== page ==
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In Praise of Pulses

-Photo by Adam Jones via Flikr

I’m a bit behind as usual but it was World Pulse Day on February 10. Why celebrate pulses I wondered? Apparently it is to showcase their remarkable variety and versatility and their many benefits. 

Pulses are the dried seed of legumes such as peas, beans and lentils. Crops grown for pasture such as clover and alfalfa, although legumes, aren’t counted nor are those such as soybeans or peanuts which are grown for oils.  Pulses have been cultivated for at least 10000 years and are a staple food in places such as India, the Middle East and the Americas. To them we owe delicious foods such as dahl, hummus and burritos. Those dried peas, beans and lentils do have a lot going for them, but don't take my word for it. Here's what the UN says about them. 


There are three main reasons for celebrating pulses. The first is their many health benefits, the second is that they are good for farmers and the third is that they are very good for the environment. We’ll briefly discuss each of them in turn.


Thirteen reasons why pulses are good for you

Most of these are from the UN Food and Agriculture Organisations’s List and others as indicated. 

1.       Pulses have  2 to four times more protein than the same quantity of cereal does. They contain 25g of protein per hundred grams (80g after adding water in cooking) and this can be further enhanced by eating with grains such as corn or rice

2.    Pulses are low in fat and cholesterol thereby reducing the risk of heart disease. Populations which consume more lentils generally have lower rates of other diseases such as breast, colorectal and prostate cancer too

3.       Low in sodium – reduces hypertension

4.       A good source of iron, especially when combined with Vitamin C  e.g. lemon juice

5.       Pulses also contain a number of other minerals such as zinc and magnesium and are especially high in potassium -they have more than bananas, which is also good for the heart. It also builds muscle and aids the digestive system.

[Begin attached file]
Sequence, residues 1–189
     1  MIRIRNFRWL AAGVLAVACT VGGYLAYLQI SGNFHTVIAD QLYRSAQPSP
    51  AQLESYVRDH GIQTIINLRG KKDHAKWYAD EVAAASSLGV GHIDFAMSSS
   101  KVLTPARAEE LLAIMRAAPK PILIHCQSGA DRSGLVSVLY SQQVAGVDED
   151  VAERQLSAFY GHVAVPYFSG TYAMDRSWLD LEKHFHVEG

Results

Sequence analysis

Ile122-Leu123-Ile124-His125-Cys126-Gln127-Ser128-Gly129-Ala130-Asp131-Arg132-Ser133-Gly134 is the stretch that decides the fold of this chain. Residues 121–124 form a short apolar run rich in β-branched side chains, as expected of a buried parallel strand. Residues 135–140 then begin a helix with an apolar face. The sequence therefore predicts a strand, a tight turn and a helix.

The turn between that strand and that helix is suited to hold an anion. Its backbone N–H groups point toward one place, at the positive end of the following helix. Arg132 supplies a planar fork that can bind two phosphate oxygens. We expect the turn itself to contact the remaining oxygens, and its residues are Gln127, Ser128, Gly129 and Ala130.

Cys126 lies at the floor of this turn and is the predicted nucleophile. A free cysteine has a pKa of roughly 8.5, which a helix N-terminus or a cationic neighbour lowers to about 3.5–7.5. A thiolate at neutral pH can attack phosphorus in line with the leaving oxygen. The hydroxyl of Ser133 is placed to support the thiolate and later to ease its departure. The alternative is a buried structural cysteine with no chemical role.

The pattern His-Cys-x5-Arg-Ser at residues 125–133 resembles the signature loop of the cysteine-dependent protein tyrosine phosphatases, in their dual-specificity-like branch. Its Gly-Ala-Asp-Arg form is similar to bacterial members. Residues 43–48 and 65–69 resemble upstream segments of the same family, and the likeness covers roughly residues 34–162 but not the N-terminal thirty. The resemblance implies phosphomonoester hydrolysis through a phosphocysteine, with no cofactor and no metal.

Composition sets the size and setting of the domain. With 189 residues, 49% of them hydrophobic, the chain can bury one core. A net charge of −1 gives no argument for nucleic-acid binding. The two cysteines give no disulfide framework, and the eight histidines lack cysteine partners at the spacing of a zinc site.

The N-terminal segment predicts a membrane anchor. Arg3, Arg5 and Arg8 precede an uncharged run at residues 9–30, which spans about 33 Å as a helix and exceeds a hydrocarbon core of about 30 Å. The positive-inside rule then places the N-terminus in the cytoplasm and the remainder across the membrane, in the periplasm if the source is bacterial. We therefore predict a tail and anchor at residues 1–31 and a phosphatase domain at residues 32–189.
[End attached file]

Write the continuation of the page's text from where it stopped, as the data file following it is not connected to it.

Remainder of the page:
6.       High in fibre. Again good for the digestive system as well as the heart

7.       Pulses are rich in B vitamins including thiamine and niacin and especially folate –which is good for  the nervous system and protects against specific birth defects.

8.       Because they can be stored for long periods, allows for greater diversity in the diet, especially in  poor seasons and in developing countries

9.       Low on the glycaemic Index, which means they stabilise blood sugar and insulin levels, making  them good for diabetics

10.   Pulses are naturally gluten – free and are thus good for coeliacs. They also provide a satisfying substitute for those who can’t consume grains for other reasons or want to reduce their meat consumption for environmental or ethical reasons

11.    Generally cheaper and more affordable than meat

12.   Can help in preventing obesity and maintaining healthy weight. Three quarters of a cup of pulses a day led to small but significant weight -loss in 640 test subjects and also in those who were not trying to lose weight. Pulses give a more lasting sense of fullness which reduces the need to overeat.

13.   The best reason of all is that they taste delicious.

Pick up some great recipes here to get more of the good things into your life.

Why Pulses are good for Farmers


1.       Pulses improve soil fertility and keep land productive much longer. It also means that fields don’t have to be kept fallow to restore productivity. See Canada for example. 

2.       Because they fix nitrogen in the soil, they reduce the need for artificial fertilisers  

3.       They increase biodiversity and minimise weeds, pests and diseases